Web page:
Asparagus has been also celebrated in still life painting for its many symbolic meanings. However, in some cases the main focal point has been its interesting aesthetics alone. Especially in Manet’s single white asparagus on white marble, almost merging together, painted so freely, and purely for the pleasure that “although still, it is, at the same time, lively”.
Adriaen Coorte, Still Life with Asparagus, Cherries and a Butterfly, c. 1693-95 Paper on panel Private collection, Switzerland
Adriaen Coorte, A bundle of Asparagus, 1703 Paper on canvas The Fitzwilliam, Cambridge
A. Coorte, Still Life with Asparagus and Spray of Red-Currants, c. 1696 Paper on cardboard Pieter C.W.M. Dreesmann Collection
François Habert, Kitchen Bench with Carp, c. 1645-1651 Oil on canvas Hessiches Landesmuseum, Darmstadt
Louise Moillon, Still Life with a Basket of Fruit and a Bunch of Asparagus, 1630 Oil on panel The Art Institute of Chicago
Giovanna Garzoni, Plate of Asparagus with Carnations and a Grasshopper, undated Gouache on vellum Private collection, Italy
My asparagus sculpture is in a sense processed as all the asparagus in still life paintings. Cut and bound together by a human, but contrary to its laying position, the clay asparagus is standing upright, still with potentiality to grow and break free.
Casting the little twigs in porcelain has been a good choice, giving it very different feel compare to the original wood, or even just earthenware slip. They feel so strong, smooth, with natural shine to them. Firing them in reduction made them even more magical with beautiful eggshell grey/blue colour. Tied together in bundle they have qualities close to classical paintings of white asparagus, with just more untamed energy.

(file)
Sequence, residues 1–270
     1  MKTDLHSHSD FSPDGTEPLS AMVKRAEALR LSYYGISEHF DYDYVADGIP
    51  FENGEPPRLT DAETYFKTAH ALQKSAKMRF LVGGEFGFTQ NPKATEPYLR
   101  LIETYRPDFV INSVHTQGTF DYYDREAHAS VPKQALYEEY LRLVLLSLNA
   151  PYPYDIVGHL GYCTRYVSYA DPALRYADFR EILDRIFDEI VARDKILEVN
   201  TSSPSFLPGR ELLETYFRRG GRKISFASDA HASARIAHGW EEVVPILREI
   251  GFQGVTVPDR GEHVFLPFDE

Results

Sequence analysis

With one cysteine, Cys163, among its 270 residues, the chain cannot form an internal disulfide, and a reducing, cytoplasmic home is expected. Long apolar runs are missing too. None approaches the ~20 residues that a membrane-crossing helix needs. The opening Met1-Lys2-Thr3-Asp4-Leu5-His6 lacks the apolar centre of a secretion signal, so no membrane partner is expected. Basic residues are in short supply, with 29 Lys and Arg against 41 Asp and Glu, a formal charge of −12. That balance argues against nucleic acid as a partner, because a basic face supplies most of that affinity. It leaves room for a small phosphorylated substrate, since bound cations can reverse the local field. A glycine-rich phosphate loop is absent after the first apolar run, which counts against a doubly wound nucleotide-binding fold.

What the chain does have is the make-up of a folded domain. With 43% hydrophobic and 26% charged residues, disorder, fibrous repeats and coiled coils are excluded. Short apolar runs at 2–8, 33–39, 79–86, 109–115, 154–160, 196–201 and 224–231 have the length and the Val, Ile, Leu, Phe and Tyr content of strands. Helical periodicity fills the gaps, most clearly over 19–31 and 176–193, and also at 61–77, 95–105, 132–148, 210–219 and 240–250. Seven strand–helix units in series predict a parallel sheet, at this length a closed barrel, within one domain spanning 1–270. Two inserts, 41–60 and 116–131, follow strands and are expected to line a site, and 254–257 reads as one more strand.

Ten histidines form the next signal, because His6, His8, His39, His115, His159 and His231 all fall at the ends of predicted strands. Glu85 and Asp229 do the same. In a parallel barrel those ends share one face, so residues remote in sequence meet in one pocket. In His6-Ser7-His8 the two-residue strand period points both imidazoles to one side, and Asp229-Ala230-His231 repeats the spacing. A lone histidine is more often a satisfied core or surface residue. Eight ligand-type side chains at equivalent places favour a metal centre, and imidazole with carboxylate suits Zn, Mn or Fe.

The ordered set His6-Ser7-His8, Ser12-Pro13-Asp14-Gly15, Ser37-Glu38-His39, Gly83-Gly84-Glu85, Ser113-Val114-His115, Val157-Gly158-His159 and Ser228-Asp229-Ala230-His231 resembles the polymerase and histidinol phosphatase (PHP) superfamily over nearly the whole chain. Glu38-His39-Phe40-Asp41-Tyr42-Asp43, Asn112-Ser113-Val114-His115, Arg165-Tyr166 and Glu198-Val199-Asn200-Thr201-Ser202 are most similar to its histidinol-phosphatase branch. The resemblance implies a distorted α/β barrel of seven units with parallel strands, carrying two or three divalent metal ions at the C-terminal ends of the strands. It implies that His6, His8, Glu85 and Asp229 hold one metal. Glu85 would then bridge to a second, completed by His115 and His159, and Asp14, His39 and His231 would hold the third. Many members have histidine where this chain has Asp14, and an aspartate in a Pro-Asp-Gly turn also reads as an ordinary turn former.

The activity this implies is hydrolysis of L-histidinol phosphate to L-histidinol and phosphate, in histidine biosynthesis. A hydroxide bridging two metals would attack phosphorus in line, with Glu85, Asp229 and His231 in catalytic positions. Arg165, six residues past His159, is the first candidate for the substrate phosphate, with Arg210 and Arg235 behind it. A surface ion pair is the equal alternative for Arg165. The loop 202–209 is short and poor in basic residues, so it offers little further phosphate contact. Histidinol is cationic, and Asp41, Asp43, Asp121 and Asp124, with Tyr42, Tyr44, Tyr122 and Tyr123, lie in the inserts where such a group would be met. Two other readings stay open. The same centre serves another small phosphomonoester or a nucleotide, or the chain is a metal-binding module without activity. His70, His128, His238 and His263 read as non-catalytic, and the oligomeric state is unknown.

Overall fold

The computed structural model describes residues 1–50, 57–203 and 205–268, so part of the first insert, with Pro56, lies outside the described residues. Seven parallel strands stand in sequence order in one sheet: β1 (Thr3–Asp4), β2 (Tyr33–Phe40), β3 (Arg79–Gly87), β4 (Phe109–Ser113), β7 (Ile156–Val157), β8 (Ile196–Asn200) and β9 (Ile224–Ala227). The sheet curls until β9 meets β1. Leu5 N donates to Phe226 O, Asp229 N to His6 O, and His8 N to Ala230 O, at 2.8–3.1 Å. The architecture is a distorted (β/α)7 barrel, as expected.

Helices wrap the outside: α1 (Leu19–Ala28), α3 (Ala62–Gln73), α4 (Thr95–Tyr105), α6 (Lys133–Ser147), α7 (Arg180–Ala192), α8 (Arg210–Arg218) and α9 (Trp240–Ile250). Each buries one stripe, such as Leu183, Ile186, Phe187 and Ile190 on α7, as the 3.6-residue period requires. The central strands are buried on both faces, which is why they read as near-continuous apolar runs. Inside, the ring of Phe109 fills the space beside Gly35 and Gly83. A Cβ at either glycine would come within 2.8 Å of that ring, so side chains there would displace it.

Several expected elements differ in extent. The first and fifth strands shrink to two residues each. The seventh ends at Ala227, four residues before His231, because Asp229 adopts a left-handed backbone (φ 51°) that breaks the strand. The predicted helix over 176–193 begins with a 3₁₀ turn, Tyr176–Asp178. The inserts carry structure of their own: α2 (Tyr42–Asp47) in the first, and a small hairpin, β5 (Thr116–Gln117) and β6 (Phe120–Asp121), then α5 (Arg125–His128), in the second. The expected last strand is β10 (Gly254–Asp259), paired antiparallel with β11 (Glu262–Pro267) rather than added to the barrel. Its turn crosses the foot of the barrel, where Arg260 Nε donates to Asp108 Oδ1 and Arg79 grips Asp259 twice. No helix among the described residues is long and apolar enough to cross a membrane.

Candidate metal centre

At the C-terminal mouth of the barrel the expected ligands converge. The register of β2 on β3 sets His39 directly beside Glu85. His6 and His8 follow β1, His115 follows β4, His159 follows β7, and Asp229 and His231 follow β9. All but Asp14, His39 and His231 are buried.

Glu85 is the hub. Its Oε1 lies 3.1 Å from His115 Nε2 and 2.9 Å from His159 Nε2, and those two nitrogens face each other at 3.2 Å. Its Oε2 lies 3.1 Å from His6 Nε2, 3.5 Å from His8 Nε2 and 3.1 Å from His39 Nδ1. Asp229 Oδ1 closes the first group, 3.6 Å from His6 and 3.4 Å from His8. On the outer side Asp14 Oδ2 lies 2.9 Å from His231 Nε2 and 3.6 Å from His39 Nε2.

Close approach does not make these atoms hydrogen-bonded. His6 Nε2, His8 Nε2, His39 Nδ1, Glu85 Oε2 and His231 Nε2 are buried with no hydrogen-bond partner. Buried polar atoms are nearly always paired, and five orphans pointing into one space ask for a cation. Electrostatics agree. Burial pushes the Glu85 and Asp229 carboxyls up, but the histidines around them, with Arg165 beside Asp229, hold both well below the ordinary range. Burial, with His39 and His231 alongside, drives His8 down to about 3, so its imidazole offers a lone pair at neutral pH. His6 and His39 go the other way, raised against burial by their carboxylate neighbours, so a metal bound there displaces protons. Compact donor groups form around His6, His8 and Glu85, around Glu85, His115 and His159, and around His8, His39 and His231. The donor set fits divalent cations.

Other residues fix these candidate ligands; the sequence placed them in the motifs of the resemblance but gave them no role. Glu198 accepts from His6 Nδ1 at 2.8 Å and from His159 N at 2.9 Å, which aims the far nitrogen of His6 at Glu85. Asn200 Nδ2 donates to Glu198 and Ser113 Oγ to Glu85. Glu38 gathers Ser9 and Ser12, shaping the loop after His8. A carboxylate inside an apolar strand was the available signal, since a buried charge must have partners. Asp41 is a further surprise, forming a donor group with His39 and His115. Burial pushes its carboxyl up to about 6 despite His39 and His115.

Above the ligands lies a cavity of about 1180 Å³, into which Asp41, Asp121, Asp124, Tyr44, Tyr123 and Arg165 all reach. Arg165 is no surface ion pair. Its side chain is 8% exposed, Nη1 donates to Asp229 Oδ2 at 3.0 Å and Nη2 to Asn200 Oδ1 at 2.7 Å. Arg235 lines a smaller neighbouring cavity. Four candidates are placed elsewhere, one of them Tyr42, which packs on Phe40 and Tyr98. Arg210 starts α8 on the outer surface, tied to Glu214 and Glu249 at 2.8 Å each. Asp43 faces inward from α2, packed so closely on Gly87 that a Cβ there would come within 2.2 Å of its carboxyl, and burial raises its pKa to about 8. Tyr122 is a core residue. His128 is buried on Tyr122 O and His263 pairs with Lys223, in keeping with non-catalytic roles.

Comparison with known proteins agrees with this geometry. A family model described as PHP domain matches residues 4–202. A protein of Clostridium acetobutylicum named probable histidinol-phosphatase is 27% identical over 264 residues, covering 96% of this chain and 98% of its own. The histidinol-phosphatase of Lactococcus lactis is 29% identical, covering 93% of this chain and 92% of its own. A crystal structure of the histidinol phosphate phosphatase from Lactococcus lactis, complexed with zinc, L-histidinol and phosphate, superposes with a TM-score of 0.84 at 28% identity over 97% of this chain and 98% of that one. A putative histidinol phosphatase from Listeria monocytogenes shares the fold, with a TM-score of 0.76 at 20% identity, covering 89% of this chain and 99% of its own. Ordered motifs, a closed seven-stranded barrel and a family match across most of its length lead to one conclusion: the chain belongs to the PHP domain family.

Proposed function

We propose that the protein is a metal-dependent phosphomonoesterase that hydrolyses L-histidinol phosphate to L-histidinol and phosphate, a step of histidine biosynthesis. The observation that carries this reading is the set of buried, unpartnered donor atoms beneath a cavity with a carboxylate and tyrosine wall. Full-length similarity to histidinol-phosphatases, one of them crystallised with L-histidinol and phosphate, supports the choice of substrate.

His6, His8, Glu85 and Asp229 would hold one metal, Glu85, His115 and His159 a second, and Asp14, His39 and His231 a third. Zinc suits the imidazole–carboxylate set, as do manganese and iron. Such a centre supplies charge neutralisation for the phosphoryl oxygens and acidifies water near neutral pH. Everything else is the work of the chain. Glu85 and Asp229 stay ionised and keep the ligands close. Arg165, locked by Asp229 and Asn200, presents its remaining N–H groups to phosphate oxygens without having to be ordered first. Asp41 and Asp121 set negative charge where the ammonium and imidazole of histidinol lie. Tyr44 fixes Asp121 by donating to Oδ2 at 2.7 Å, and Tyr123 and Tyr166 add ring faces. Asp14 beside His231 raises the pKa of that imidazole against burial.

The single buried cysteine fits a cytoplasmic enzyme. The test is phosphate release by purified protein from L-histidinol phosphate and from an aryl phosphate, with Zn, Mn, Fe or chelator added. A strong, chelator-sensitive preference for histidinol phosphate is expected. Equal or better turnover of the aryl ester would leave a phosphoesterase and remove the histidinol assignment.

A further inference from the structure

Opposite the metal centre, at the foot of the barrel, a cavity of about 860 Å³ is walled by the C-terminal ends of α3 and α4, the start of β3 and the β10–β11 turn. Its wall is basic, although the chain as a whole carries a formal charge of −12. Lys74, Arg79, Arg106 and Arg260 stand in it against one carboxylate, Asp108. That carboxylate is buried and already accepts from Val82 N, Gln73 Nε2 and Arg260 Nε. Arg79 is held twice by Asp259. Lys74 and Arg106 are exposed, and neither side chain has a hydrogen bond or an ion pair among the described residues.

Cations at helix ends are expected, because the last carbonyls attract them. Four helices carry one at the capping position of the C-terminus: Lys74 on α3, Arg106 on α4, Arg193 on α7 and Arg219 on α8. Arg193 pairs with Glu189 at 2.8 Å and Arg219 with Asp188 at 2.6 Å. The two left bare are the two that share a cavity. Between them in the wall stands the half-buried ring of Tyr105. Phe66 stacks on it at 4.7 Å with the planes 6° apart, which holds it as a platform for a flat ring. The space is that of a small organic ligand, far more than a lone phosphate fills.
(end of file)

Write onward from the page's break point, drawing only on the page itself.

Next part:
The bronze tools came out of the sand mould perfectly, with only two shapes not being fully cast. However, they take a lot of processing to do. From cutting them off of the channels with grinder, then removing any imperfections with powerful dremels and roughly polishing them.
To make them look more prehistoric, as if dug from the ground after thousands of years, I could use some patinas to make them look darker, aged. However, I have not had that much time to spare before the final deadline, so I left the stuck burned sand in crevasses instead.
Positioned in the large, plane glass window they seemed strangely familiar. A handheld garden trowel, not so pristine and utilitarian as in a Poundshop. Textured as if diseased or slightly decomposed, next to an axe head and behind your own reflection in the glass, similar to a museum experience.
The groupings reconcile into evolution.
Horticultural tools – harvested produce – cultivated vessels?
It has been quite significant for me to make these, not only to test my glaze recipe, application, colours, brushstrokes and patterns. I could also test some ideas smaller scale, mostly through the decoration but also how they move, and how they could leak.
Leak liquids like the teapot, but also themselves through long protrusions. Spilling, or searching for a new source? Giving or taking? Living or dying?
It was great to challenge myself on the wheel again, and applying my ideas either through hand altering or just the in-glaze decoration. With colour, its layering, or sgraffiting through the glazes.